It does me.
I’m a frequent visitor to Ain’t It Cool News, simple because TV and Movies are my primary source of entertainment. About this time last year a post for the 2004/2005 seasons new shows appeared and I took note of one show in particular called The Inside. Over the course of the year additional posts regarding the show were posted, all building hype. This is the best new show of the year! Produced by Tim Minear who was responsible for other great shows such as… yada, yada, yada.
I waited all year for this show and it FINALLY aired the other night. After a year of waiting and looking forward to this groundbreaking new show I was… well, disappointed.
I have the same issue with movies that are highly anticipated. I can’t wait to see them and then once released they simply don’t live up to the hype, or, I’m too busy analyzing every detail of the movie that I forget to enjoy it.
Am I the only one?
Pre-marketing hype can be a double edged sword and marketers must come to fully understand that if they don’t already. Going back to movies, many movies started with very little hype only to turn into hugely successful hits. The first Austin Powers movie comes to mind. This film made more money in video and DVD sales than it generated in the theater. It wasn’t marketing hype that lead to two highly successful sequels (though there was hype with those) but it was word of mouth that got people to watch AP, buy it, and want to see the sequels.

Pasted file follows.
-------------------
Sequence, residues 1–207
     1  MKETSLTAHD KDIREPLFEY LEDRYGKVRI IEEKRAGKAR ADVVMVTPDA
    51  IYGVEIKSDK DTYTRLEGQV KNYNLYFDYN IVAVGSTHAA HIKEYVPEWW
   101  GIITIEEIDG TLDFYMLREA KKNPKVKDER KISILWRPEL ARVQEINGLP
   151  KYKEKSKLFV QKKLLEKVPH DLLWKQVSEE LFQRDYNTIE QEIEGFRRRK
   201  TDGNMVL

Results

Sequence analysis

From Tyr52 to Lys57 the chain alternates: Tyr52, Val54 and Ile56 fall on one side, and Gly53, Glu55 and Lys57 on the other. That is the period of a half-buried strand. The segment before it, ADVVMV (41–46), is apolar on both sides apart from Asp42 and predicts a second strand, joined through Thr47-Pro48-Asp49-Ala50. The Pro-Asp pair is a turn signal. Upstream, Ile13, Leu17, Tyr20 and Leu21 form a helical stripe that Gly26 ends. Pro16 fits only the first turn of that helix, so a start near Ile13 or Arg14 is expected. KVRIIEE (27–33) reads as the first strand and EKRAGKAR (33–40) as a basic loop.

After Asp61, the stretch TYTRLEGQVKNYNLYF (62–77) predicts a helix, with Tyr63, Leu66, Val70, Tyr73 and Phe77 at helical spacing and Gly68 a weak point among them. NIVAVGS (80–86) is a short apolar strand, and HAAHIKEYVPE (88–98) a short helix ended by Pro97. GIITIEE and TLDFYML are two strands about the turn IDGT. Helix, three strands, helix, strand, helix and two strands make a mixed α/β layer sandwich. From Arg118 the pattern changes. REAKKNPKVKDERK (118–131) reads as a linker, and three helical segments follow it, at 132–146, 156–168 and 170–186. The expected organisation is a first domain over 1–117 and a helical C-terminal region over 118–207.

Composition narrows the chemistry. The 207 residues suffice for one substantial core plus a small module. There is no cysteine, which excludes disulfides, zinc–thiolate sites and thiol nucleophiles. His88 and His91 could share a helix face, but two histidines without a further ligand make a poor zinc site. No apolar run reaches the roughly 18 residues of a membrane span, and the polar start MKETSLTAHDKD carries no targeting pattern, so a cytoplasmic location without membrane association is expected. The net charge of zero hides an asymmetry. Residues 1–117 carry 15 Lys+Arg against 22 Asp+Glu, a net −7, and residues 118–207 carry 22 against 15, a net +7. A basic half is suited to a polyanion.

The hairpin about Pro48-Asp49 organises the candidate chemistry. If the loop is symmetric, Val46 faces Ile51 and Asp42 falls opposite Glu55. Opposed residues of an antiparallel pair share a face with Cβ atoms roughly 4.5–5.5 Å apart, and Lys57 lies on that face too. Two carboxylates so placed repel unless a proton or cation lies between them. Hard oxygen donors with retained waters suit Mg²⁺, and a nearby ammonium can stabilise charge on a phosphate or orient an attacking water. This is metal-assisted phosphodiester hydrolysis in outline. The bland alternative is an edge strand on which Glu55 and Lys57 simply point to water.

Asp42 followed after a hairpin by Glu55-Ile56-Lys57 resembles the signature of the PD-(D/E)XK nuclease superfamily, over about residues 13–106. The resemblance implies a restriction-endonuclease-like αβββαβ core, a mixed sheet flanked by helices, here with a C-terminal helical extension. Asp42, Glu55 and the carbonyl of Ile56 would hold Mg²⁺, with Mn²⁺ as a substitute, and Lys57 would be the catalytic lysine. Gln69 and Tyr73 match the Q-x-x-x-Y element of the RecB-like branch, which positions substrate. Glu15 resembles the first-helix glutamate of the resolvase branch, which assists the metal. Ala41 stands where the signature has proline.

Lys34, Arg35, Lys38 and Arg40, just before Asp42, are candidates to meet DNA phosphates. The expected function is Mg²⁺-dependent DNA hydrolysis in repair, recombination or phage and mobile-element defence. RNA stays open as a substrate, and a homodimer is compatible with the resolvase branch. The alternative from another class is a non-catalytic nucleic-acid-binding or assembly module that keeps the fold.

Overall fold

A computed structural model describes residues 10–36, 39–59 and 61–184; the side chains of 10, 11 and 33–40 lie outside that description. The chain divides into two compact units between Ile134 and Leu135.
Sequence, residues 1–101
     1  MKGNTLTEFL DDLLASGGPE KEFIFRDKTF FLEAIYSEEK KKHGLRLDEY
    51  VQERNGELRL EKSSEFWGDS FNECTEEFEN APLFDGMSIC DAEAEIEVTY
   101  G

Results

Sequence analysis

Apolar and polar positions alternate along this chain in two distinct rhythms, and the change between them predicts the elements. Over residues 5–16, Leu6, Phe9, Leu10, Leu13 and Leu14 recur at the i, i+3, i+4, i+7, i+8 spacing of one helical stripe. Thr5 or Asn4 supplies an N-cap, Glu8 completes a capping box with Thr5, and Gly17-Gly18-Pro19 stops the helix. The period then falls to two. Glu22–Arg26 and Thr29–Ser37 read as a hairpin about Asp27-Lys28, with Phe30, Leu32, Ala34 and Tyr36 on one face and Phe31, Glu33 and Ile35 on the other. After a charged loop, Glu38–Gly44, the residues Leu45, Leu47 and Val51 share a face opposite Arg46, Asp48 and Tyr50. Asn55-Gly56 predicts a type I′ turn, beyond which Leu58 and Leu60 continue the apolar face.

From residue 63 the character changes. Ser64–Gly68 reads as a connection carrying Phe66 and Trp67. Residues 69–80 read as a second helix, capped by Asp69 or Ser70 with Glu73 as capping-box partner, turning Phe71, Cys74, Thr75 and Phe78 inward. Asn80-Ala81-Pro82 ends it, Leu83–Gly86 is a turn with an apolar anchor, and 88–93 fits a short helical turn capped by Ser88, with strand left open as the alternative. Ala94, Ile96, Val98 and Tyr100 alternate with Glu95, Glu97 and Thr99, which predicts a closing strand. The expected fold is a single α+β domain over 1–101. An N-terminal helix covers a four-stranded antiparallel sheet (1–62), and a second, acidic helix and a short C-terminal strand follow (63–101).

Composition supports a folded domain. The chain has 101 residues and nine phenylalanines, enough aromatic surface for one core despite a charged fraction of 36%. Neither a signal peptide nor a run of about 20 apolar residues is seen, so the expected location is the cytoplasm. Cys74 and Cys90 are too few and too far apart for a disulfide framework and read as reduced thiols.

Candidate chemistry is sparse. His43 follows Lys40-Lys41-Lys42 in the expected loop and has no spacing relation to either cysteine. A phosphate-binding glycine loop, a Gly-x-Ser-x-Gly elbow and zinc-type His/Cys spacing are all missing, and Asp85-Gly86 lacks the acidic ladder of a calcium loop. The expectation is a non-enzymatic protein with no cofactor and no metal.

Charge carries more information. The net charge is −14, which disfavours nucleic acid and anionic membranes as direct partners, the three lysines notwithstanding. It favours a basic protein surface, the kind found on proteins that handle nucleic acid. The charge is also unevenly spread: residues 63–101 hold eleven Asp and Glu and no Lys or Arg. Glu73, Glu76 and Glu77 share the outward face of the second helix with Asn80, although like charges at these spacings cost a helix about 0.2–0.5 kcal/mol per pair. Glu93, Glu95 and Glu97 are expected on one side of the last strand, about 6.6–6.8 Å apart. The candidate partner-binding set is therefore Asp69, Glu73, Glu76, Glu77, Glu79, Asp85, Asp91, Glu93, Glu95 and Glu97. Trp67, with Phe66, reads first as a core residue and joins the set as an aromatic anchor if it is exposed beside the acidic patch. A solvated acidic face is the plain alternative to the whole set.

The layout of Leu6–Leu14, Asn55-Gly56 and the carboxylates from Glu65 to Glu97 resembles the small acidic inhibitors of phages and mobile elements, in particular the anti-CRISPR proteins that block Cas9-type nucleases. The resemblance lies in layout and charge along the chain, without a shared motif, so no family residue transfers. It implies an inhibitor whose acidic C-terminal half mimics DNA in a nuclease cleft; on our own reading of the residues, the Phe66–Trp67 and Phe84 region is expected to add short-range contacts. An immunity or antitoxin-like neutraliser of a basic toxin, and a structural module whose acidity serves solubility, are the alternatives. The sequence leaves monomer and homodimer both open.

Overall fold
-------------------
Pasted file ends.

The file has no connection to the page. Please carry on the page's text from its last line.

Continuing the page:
On the other hand, many things fail for lack of hype. Could the show Firefly continued for several more seasons had FOX spent a little more time hyping it? Then again, simple word of mouth is bring that short-lived show to the big screen in September.
In the mid 90’s the .com boom was built in nothing but hype and that came crashing down, busting companies and stock holders. Several years ago the movie Wild Wild West would have crashed hard had it not been for the marketing hype before it, but many people soon realized the hype was more interesting than the movie itself. On the other hand, hype can make even the most mediocre movies hugely successful, not just in the short term but in the long run as well, regardless of the quality (Episode I, anyone?).
Hype is a dangerous toy to play with. Used incorrectly, it can build you up only to take fall, leaving you, your product or your reputation in the trash heap. Used correctly, hype can vault you to the top of the must buy, see, read, visit, etc. list and keep you there. And if what you offer lives up to the hype, then everybody wins.